Why concerns over data sovereignty are driving organizations away from the cloud.
With cloud-based services in demand, the future should be bright for the cloud. However, growing fears over data privacy and compliance — and technology providers’ failure to quash these concerns — may stunt the public cloud’s growth as enterprises consider moving their data on-premise.
New and updated national data privacy and data localization laws are fundamentally altering the way that companies can conduct business internationally, which is, in turn, transforming their attitude to cloud infrastructure. The EU’s General Data Protection Regulation (GDPR) and China’s Cybersecurity Law — two of the most comprehensive packages of data privacy regulations — have already had cascading impacts on businesses in these markets and all of their trading partners. And this is just the beginning. Japan announced earlier this month that it is making changes to its Protection of Personal Information (AAPI) Act, tightening controls of international data transfer from 2022 to bring it in line with GDPR and over 70 other countries have passed new or updated data privacy laws in the last few years that include some form of data localization.
The challenge with the public cloud is that it runs across a distributed infrastructure and providers tend to store data in technically and commercially practical locations. In light of recent enterprise data breaches and incidences of data misuse, the dispersed nature of the cloud leaves businesses with concerns on a number of levels: How can they be assured of the privacy of their data? Where is their data stored? And who ensures the sovereignty of their data? Them or their cloud partner?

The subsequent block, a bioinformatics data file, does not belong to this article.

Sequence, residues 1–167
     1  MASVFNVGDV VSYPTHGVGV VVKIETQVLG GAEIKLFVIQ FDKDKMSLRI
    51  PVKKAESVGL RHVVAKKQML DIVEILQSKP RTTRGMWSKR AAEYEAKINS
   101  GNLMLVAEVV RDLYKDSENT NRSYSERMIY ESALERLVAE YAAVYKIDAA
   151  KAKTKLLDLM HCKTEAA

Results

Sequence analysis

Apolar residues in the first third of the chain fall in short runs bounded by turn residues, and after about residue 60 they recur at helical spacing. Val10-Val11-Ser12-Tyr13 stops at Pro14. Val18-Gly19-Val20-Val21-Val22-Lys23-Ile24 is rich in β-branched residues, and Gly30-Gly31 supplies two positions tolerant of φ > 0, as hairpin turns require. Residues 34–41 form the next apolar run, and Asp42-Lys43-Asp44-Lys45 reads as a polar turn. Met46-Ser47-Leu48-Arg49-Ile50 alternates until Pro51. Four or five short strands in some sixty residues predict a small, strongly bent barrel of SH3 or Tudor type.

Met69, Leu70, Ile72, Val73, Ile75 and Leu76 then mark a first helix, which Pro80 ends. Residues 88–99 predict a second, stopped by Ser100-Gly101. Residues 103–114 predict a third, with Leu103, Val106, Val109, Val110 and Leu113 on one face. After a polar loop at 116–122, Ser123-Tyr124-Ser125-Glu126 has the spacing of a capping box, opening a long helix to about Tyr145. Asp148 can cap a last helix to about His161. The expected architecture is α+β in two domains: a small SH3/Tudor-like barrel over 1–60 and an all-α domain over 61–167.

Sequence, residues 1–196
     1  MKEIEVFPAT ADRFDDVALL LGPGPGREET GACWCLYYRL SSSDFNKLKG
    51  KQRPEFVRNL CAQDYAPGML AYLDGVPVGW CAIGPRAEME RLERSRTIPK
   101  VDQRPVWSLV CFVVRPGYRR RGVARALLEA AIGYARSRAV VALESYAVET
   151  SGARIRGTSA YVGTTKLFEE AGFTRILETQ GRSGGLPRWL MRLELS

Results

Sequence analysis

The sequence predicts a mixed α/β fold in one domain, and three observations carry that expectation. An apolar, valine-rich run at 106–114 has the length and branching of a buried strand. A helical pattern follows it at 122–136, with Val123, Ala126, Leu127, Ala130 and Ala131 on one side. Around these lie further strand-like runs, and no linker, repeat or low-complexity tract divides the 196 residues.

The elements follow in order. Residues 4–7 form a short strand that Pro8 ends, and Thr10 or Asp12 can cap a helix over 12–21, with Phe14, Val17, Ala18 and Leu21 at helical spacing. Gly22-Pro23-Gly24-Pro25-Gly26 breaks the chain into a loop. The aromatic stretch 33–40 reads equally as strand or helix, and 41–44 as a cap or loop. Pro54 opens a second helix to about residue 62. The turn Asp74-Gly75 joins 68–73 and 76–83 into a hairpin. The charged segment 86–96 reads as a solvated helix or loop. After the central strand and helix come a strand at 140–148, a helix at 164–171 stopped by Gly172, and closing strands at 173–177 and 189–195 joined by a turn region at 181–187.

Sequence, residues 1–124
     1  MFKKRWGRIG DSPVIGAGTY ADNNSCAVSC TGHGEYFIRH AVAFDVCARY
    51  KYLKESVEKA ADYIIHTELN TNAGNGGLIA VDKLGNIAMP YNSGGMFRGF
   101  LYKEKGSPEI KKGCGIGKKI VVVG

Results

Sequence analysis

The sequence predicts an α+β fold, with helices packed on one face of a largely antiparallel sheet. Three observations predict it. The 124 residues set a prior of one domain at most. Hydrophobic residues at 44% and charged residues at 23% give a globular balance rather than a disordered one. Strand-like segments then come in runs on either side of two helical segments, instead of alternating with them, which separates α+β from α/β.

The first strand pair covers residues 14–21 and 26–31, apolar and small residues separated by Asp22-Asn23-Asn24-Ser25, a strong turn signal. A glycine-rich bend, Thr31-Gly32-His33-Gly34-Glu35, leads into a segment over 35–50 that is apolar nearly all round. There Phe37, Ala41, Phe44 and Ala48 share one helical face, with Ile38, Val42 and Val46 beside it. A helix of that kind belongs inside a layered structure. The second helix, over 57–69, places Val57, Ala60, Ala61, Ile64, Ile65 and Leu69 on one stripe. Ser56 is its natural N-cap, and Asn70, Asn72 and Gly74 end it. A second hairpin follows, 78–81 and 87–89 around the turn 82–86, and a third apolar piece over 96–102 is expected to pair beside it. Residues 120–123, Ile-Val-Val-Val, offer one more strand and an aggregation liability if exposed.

Without sufficient reassurance from their technology providers that their data is secure and compliant with data regulation laws, private and public organizations are beginning to rethink their commitment to and use of the public cloud. Ultimately, unless technology providers do not become fully transparent with how they store and handle enterprise data and offer greater reassurance to customers, privacy concerns may lead to a demise in the cloud’s appeal.
Three trends are emerging:
1. Companies are abandoning the public cloud altogether and moving critical applications to private cloud or on-premise, where they have complete control of where their data is stored and who can access it.
2. Companies are looking to move to technology platforms and providers that offer complete transparency with regards to their privacy policies and have a ‘zero trust’ model of security to give them complete peace of mind that their data is safe and their digital privacy assured.
3. Companies are restructuring their cloud infrastructure along national lines or considering moving to regions where data jurisdiction is more favorable in terms of storing and processing data.
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